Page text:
Prince Edward Theatre, London
The Musical By: Benny Andersson, Björn Ulvaeus and Tim Rice
3 Knights Ltd., The Shubert Organisation, Robert Fox, Ltd. for Chess Productions Ltd.
Previews began: 05, May 1986 (delayed from 30, April 1986, due to technical difficulties)
Opened: 14 May, 1986 – Closed: 08, April 1989
- Elaine Paige – Florence Vassy
- Tommy Körberg – Anatoly Sergievsky
- Murray Head – Freddie Trumper
- John Turner – Alexander Molokov
- Kevin Colson -Walter De Courcey
- Siobhan McCarthy – Svetlana Sergievsky
- Tom Jobe – The Arbiter
Aliki, Leo Andrew, Julie Armstrong, Yvonne Bachem, Julia Birch, Richard Courtice, Catherine Coffey, Anne Cox, Hugh Craig, Geoffrey Dallamore, Carol Duffy, Garrick Forbes, Wayne Fowkes, Philip Griffith, Peter Karrie, Donna King, Madeline Loftin, Patrick Long, Kim Lonsdale, Richard Lyndon, Richard Mitchell, Gail Mortley, Kerri Murphy, Mhairi Nelson, Anita Pashley, William Pool, Jane Powell, Grainne Rennihan, Richard Sampson, Jacqui Scott, Duncan Smith, Sandy Strallen, Suzanne Thomas, Sally Ann Triplett, Oke Wambu, Hilary Western, Paul Wilson
The Creative Team:
- Director – Trevor Nunn
- Scenic Design – Robin Wagner
- Costume Design – Theoni V. Aldredge
- Lighting Design – David Hersey
- Sound Design – Andrew Bruce
- Executive Producers: Judy Craymer, Gatchell & Neufeld Ltd.
- Orchestrations and Arrangements: Anders Eljas
- Choreography: Molly Molloy
- Musical Direction: John Owen Edwards
The head of the International Federation explains the history of the game of chess, as we move to the northern Italian town of Merano, where this year’s championships are taking place. As the townsfolk prepare for the occasion, the brash American champion, Frederick Trumper arrives with his second, Hungarian orphan Florence Vassy. In their hotel room, Florence explains to Freddie that the press will portray him badly if he continues with his bad boy attitude, just before he heads off to a press conference where he attacks a journalist who questions his relationship with Miss Vassy. His Russian challenger, Anatoly Sergievsky, and Alexander Molokov, his second (actually a KGB agent), watch with curiosity and disdain on TV, before Anatoly laments as to how he has got to where he has.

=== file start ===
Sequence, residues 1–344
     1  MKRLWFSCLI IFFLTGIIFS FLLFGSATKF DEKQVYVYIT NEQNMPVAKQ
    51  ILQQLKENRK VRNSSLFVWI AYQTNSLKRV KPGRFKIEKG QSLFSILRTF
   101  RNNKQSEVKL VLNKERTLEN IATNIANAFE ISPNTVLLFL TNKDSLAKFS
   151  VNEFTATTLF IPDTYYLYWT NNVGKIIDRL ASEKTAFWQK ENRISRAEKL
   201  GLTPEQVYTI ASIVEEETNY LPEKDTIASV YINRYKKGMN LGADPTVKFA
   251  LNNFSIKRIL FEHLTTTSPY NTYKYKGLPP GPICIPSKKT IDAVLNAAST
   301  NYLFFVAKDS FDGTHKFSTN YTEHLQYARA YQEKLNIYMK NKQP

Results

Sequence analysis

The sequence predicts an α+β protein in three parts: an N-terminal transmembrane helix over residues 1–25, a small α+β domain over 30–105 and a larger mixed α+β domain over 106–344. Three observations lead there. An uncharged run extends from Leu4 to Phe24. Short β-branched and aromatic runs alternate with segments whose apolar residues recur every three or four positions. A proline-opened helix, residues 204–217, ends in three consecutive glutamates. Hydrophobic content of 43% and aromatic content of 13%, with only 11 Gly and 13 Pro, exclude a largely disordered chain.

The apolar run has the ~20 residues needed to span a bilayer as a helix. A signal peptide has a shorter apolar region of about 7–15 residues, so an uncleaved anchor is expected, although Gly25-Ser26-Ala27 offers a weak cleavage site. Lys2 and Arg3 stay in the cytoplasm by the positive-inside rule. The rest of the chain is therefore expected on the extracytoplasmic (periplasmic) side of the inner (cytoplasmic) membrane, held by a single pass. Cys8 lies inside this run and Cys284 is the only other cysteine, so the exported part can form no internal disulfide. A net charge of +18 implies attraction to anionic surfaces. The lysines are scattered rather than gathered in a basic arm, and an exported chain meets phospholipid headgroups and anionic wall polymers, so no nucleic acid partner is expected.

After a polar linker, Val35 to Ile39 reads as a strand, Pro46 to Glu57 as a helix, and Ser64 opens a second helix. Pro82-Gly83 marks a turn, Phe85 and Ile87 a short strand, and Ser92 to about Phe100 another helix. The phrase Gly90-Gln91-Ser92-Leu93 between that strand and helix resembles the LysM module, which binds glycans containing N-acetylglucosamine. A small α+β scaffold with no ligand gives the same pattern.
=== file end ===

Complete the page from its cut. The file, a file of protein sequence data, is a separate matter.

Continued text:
The opening ceremony features an arbiter insisting on holding the proceedings together, US and Soviet diplomats vowing their side will win, and marketers just looking to make a buck. During the chess match, Freddie believes that the Russians are tampering with the game and storms off, leaving the chessboard on the floor, and Florence to pick up the pieces with Anatoly, Molokov, and the Arbiter, whereby she agrees to bring Freddie and Anatoly together to sort out their issues. It turns out that Freddie engineered the stunt to get a higher price from the TV company; when Florence finds out, they argue, leading Florence to lose it with Freddie when he brings her father, believed captured by the Russians during the 1956 uprising, into the argument. She reflects that “nobody’s on nobody’s side,” before heading off to the Merano Mountain Inn for the meeting between East and West. Freddie doesn’t turn up, leaving Anatoly and Florence to eventually embrace, before being interrupted by Freddie, who has been engineering new financial terms.
After the next chess game, Florence leaves Freddie, whereby he laments on how his unhappy childhood left him the man he is today. Florence goes with Anatoly to the British Embassy, where he attempts to seek exile in the west, and she reflects on whether it is best to love a stranger. Walter de Courcey, however, has his own plans, and has tipped off the media, who ambush the pair at Merano station. Anatoly tells the awaiting audience that his land’s only borders lie around his heart.
A year later, the Russian is set to defend his championship in Bangkok, Thailand. Freddie is already there, chatting up locals about the nightlife before taking his place as television presenter for the championship. Florence and the Russian are now lovers, and worry about the situation, especially the impending arrival of his wife, Svetlana, from Russia. Molokov, meanwhile, has trained a new protege, Viigand, to challenge the Russian, meanwhile spying on the opposing pair.
Walter manipulates Freddie into rattling the Russian on live TV , showing him footage of his wife’s arrival. She and Florence both reflect on their relationships with him. Molokov blackmails Svetlana into making Anatoly lose the match, whilst de Courcey informs Florence that her father is still alive in Russia, and will be released if Anatoly loses. Neither of these ploys work, so Molokov and de Courcey attempt to get Freddie to convince the pair to throw the match.
However Freddie is more interested in winning back the love of Florence. Secretly, Freddie arranges to meet Anatoly in a temple, whereby he informs Sergievsky of a flaw in his challenger’s game. In the deciding game of the match, the Russian manages an exceptional victory, and realizes that it may be the only success he can achieve – Svetlana castigates him for wallowing in the crowd’s empty praise, whilst Florence is similarly annoyed with him for casting aside his moral ideals. Later, he and Florence reflect on their story that seemed so promising, and how they “go on pretending/ stories like ours/ have happy endings.”
Florence is left alone, when de Courcey informs her that Anatoly has defected back to the USSR, meaning that her father will be released, that is, if he is actually alive…. Florence breaks down, telling Walter that he is using people’s lives for nothing, before repeating Anatoly’s sentiments from the end of Act One, that her only borders lie around her heart.